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William McKnight

Hello and welcome to my blog!

I will periodically be sharing my thoughts and observations on information management here in the blog. I am passionate about the effective creation, management and distribution of information for the benefit of company goals, and I'm thrilled to be a part of my clients' growth plans and connect what the industry provides to those goals. I have played many roles, but the perspective I come from is benefit to the end client. I hope the entries can be of some modest benefit to that goal. Please share your thoughts and input to the topics.

About the author >

William is the president of McKnight Consulting Group, a firm focused on delivering business value and solving business challenges utilizing proven, streamlined approaches in data warehousing, master data management and business intelligence, all with a focus on data quality and scalable architectures. William functions as strategist, information architect and program manager for complex, high-volume, full life-cycle implementations worldwide. William is a Southwest Entrepreneur of the Year finalist, a frequent best-practices judge, has authored hundreds of articles and white papers, and given hundreds of international keynotes and public seminars. His team's implementations from both IT and consultant positions have won Best Practices awards. He is a former IT Vice President of a Fortune company, a former software engineer, and holds an MBA. William is author of the book 90 Days to Success in Consulting. Contact William at wmcknight@mcknightcg.com.

Editor's Note: More articles and resources are available in William's BeyeNETWORK Expert Channel. Be sure to visit today!

The story goes that Willy Sutton robbed banks because "that's where the money is."  While this attribution appears to be an urban legend, it's no myth that Oracle has a lion's share of databases - both transactional and analytic.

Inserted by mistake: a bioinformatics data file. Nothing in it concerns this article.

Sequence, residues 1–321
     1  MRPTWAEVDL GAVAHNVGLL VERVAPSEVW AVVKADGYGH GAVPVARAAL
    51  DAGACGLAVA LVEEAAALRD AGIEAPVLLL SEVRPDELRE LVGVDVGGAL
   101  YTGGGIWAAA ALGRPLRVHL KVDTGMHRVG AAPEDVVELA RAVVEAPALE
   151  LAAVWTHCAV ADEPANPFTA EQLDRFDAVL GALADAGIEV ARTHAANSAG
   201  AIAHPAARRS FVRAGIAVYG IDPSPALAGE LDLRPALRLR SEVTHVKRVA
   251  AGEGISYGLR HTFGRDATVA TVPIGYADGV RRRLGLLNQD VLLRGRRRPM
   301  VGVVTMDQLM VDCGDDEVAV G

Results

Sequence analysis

IBM started an advanced land grab for Oracle customer conversions by bringing a high compatibility of PL/SQL into the DB2 database.

Now, Teradata has invested resources in facilitating the migration away from Oracle.  With the Teradata Migration Accelerator (TMA). structure and SQL (PL/SQL) code can be converted to Teradata structures and code. This is a different philosophy from IBM, which requires few code changes for the move, but also doesn't immediately optimize that code for DB2.

While data definition language (DDL) has only minor changes from DBMS to DBMS, such as putting quotes around keywords, Teradata's key activity and opportunity in the migration is to change Oracle cursors to Teradata set-based SQL. 

"Rule sets" - for how to do conversions - can be applied selectivity across the structure and code in the migration.  TMA supports selective data movement, if desired, with WHERE clauses for the data.  TMA also supports multiple users doing a coordinated migration effort.

TMA also works for DB2 migrations.

While it will not do the trick on its own, having these tools, which convinces a shop that the move could be more pain-free than originally thought, will support DBMS migrations.  


Posted April 30, 2012 10:15 AM
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